Part 1. The privilege of ageing
Age is - let's face it- a construct. we know that depending on where in the world we live, we may hold very different views on ageing. But, when exposed constantly to unrealistic images, the more we tend to question our own image staring back at us in the mirror.
How funny that when we're kids we think of being in our 20's as unimaginable, and when we're a teenager we think of being in our 30's as ancient. Once we hit our 20's, being 40-something is heading for retirement and as we hit our 30's, over 60 means we're in the obsolete pile and on and on it goes...
For me at almost 60, age is about perspective.
I have been pro-ageing since I formed MV back in 1999 and more so since 2001 when I lost by best friend to ovarian cancer. There is no greater reminder of how precious life is than when confronted with death.
Some years after my friend's death, on a return to the UK, a mutual friend pointed out to our close circle, that our friend would never go grey or have to worry about wrinkles reflecting her time on earth. That's when I made the decision to stop dying my hair. This was at a time when 'silver' was not on trend in any way shape or form. My hairdresser raised an eyebrow - she thought I'd gone mad! - while many of my friends repeated, "are you really sure?!".
Never one to swim with the current personally or professionally, I have been outspoken about the anti-ageing marketing machine within the beauty industry going back more than three decades.
From early on, I rejected the notion of 'anti-ageing' and found it quite a ridiculous phrase. My outspoken views on the disempowerment of women through fear of ageing ensured that for decades, I remained on the periphery of the beauty industry.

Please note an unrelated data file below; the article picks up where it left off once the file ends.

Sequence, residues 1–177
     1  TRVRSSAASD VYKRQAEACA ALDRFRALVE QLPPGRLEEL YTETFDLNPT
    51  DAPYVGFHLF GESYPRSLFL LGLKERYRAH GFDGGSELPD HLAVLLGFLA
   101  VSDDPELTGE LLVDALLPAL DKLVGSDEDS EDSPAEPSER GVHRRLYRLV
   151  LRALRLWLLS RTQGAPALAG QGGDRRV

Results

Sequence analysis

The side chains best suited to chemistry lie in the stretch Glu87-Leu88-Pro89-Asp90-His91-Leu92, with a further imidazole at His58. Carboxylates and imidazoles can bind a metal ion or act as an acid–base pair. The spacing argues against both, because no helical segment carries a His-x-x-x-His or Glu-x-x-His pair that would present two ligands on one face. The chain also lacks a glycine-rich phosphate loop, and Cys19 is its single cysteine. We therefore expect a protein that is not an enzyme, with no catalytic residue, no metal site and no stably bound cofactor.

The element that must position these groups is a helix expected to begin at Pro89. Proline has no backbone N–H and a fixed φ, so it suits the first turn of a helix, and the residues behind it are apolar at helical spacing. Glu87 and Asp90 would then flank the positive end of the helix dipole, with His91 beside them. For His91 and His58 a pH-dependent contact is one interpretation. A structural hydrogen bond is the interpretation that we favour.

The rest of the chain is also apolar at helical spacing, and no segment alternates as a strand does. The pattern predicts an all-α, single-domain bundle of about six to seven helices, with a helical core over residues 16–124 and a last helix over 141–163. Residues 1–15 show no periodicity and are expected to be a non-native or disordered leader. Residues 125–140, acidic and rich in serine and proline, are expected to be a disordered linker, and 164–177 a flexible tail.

But being on the periphery is something I am very comfortable with as it means I can run my own face and be true to my core values. I hoped for change decades ago when I first entered the beauty industry but it did not come. In fact, things got worse with the rise of the youth-obsessed media and air-brushing in every single magazine, and I felt that the disempowerment of women knew no bounds.
As the years rolled by, my seemingly 'controversial' views remained and earned me the moniker of Beauty Rebel by a UK blogger - and it stuck. I found my niche away from the mainstream and hunkered down realising the changes I had hoped for, may be many years more into the future.
Part 2. New highs, and new lows
It was 2009. My first trip to London and New York as a travelling facialist - servicing my VIP clients and media with my own very unique style of facial.
It was slightly scary and I admit to feeling quite naive, so when a friend offered to connect me with another facialist who serviced high-profile clients I jumped at the chance. While sipping tea together in a London cafe, the subject of Botox and fillers came up as her speciality treatment was helping her clients get 'red carpet ready' before significant Hollywood events. She was working on a select group who had been exposed to injectables long before before they became affordable to the general public.
I asked her thoughts on the subject, as some of my Sydney-based clients had been asking me for advice about Botox and fillers and I really didn't have an answer for them. The facialist said "What happens to muscles that are repeatedly frozen?" The answer was obvious but honestly, at first my mind went blank. Finally the lights went on and I said "Oh, muscle atrophy".